Removing the ultimate PC security measure.
You probably can’t.
BIOS passwords — which you enter before booting to allow the process to proceed — are tough items to crack. That’s (mostly) great news if you’re trying to protect your computer.
Unfortunately, it’s pretty bad news if you don’t know the password.
Let’s review the options.
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BIOS passwords protect your system from unauthorized changes and unauthorized booting. In most cases you need to know the BIOS password to change the BIOS password. If you don’t know that password some motherboards may have a physical reset switch that will reset a BIOS to its initial state, with no password, some require that you ship the motherboard back to the factory, and some cannot be changed at all it.
The BIOS (Basic Input Output System) or UEFI (Unified Extensible Firmware Interface) is software stored in a memory chip on your computer’s motherboard. It performs many functions. We’re most familiar with it as the software that controls your machine from the moment you turn it on or reboot it. It’s responsible for locating the boot device — hard disk, CD, or USB — and loading the software that takes over the next stage of the boot process. For this article, I’ll use BIOS to refer to both.
Many, if not most, BIOSs can be programmed to require a password before allowing you to do anything. This forces you to enter that password before you can even boot your machine, for example.
By anything, of course, I mean anything; if you don’t know the BIOS password, you can’t boot, you can’t alter any BIOS settings, and, of course, you can’t reset the BIOS password.
A BIOS password is strong security if that’s what you’re looking for. Given how often people forget passwords, it’s almost too strong, because if you forget it, you are likely to be completely out of luck.
I know of four possibilities if you forget your BIOS password.
A few computer manufacturers provide the ability to reset the BIOS password by setting a switch on the motherboard.
The only way to know if this will work for you is to contact the manufacturer of the computer or its motherboard.
The reason this is infrequent is that the jumper defeats the purpose of the BIOS password in the first place. A thief who has stolen your machine can contact the manufacturer, find out how to reset the password, and get right in.
Ship it back to the factory
I have heard scenarios where the computer manufacturer will reset the BIOS password for you (possibly for a fee). That means shipping your computer back to the manufacturer, who performs whatever magic it takes to unlock it.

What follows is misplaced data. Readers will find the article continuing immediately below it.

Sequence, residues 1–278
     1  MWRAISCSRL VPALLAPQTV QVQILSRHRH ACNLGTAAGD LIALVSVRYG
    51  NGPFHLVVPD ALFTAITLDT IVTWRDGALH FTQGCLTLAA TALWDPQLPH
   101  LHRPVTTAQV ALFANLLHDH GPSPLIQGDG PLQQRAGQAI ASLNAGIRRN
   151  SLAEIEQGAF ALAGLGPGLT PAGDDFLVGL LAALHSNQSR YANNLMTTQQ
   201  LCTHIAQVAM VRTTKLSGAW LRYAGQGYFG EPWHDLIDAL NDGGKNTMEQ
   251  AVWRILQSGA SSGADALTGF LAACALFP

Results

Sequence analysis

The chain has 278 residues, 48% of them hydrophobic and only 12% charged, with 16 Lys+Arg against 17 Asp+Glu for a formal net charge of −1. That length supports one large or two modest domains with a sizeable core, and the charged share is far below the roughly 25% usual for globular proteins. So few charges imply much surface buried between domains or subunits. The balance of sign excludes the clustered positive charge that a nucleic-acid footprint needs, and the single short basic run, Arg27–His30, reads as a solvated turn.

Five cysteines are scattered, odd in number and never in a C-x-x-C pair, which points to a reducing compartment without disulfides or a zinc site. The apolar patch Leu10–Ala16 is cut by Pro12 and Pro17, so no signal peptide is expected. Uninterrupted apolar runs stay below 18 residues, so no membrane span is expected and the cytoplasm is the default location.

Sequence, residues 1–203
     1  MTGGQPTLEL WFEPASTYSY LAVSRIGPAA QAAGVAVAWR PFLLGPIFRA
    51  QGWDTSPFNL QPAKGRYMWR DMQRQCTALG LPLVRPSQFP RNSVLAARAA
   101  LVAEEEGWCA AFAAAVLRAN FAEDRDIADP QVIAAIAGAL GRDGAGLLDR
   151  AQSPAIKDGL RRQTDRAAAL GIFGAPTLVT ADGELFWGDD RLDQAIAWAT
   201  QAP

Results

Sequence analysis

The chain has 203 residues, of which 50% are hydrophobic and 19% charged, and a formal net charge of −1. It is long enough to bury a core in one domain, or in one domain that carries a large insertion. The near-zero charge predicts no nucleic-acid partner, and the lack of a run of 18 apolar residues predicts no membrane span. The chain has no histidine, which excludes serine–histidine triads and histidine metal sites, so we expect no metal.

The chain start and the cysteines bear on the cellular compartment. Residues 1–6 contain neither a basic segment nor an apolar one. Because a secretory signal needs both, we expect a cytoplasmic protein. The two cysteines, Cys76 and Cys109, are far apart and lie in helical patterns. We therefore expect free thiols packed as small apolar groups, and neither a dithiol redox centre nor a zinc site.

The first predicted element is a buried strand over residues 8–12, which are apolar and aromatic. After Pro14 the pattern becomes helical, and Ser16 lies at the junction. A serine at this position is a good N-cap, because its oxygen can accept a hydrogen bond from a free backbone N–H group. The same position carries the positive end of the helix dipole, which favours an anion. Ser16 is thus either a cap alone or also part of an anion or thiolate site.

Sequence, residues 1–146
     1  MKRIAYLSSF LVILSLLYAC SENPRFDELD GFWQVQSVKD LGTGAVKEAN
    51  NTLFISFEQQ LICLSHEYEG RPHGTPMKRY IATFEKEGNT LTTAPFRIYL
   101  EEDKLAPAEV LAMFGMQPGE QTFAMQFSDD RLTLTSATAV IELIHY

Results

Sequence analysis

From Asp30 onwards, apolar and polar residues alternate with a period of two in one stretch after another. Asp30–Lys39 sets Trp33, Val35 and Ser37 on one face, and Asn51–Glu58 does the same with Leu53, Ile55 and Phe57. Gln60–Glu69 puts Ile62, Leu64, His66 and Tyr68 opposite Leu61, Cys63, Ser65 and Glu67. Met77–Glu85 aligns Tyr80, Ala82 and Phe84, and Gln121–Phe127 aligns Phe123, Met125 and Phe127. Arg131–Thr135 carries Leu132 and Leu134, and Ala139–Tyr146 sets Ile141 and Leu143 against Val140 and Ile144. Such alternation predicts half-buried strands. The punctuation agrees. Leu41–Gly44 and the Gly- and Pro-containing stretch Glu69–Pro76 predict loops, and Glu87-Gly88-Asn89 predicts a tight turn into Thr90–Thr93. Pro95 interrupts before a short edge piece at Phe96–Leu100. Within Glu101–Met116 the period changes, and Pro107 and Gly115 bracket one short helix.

This is good theft deterrent because a thief isn’t likely to bother sending a machine off to a manufacturer where it can be traced back to him.
I believe this is also a very uncommon practice.
If there is no way to reset the password, there is no way to unlock the BIOS.
One alternative, then, is to replace the motherboard, BIOS and all. With a new motherboard (and an un-passworded BIOS), you’ll have access to everything once again — data on the hard drive is unaffected by switching the motherboard.
Sometimes a machine with an unknown BIOS password is, for all practical purposes, unsalvageable — for example on an older machine if the BIOS can’t be reset, and new motherboard’s are no longer available. It’s a shame, but it’s an occasional, unfortunate reality.
If the hard drive is not password protected (see below), getting a completely new computer and either installing the old hard drive, or attaching it as an external drive, is perhaps most expeditious.
Locked or encrypted hard drives
Occasionally, it’s not the BIOS that has a password, but the hard drive. For example, if you use whole-disk encryption with a third-party tool such as VeraCrypt, you’ll need to provide a password (or passphrase) before the hard disk can be read.
It’s easy to confuse this with a BIOS password, since they both ask for their passwords at roughly the same time: before the system begins booting. It can be difficult to know which you’re dealing with; paying attention to the wording of the password prompt and any information that precedes it is key.
The good news about a lost hard disk encryption key is that your computer is just fine. You may lose all the data on the hard drive1, and will perhaps need to reformat it, but the computer itself remains fully functional.
Remember your passwords
It goes without saying that remembering passwords is important — particularly those for which there is no hope of recovery if lost.
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Footnotes & References
1: In some cases, the hard disk itself implements the password. If you lose the hard disk password it, then, may be unrecoverable.